U.S. unemployment rate hits 7.7 percent

After years of work by the government and Federal Reserve, positive news was announced by the U.S. Department of Labor this week – the unemployment rate has hit a four year low. In February of 2013, a total of 236,000 jobs were added to the economy, bringing the unemployment rate down to 7.7 percent. Compared to January of this year, this is a decrease of two-tenths of a percentage point, or 7.9 percent.

While the unemployment rate remains higher than the Federal Reserve's goal of 6.5 percent, the annual rate of job increases is larger than any one month of last year. In 2012, an average 183,000 jobs were added each month. This number did improve over the course of the year, and in December, 219,000 jobs were added. 

Again, while not particularly close to the unemployment rate before the crisis, this does suggest the economic recovery is headed in a positive direction. And as confidence grows among consumers, the momentum is expected to follow.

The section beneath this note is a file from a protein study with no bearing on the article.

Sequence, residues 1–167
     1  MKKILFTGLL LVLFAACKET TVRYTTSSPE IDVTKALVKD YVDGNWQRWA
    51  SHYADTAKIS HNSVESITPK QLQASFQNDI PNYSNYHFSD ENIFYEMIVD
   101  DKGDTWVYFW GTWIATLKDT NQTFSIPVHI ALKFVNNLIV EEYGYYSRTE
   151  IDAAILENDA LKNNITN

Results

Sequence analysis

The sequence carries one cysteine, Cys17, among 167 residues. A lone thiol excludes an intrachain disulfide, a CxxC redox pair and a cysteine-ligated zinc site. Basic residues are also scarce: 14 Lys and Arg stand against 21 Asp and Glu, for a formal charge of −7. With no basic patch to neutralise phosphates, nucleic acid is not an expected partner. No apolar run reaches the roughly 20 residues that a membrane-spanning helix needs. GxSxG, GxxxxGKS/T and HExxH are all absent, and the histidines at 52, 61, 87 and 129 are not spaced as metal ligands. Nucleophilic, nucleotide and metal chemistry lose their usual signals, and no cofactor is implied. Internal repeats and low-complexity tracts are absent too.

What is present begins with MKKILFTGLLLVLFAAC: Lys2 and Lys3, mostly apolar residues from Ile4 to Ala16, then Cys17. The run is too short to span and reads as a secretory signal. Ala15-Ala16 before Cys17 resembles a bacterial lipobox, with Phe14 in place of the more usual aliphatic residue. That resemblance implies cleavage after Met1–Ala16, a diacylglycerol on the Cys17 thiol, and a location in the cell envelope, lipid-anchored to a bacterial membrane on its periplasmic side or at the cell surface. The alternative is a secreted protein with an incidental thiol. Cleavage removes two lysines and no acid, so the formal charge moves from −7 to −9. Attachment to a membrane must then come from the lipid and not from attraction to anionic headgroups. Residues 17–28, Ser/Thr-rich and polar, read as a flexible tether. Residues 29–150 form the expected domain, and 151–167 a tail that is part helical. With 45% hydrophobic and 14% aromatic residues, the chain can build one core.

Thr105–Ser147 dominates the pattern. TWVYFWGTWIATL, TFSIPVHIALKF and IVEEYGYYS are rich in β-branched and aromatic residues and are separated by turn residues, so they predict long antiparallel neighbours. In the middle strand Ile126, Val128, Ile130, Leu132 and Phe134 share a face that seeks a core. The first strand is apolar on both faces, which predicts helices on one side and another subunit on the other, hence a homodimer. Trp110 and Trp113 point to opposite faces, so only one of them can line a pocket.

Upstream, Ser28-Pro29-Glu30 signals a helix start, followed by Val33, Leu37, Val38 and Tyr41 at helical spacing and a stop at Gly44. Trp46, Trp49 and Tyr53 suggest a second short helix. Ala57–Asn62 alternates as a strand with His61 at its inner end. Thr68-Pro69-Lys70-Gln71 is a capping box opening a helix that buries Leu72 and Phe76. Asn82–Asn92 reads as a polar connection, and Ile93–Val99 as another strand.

For banks, this can mean not just potential customers, but with more confidence, more loan applications as well. As more Americans are able to hold down jobs, car applications often rise, since many will now require a car to get to work as well as make car payments.

To prepare for these changes, banks and other financial institutions that have seen a decline in lending after the crisis can invest in application processing software to prepare for the rise in applications. Furthermore, risk management tools can also help lenders determine qualifications of borrowers in efficient ways, ensuring that the lending that took place prior to the crisis doesn't happen again, which would likely hurt both lenders and borrowers in the process. 

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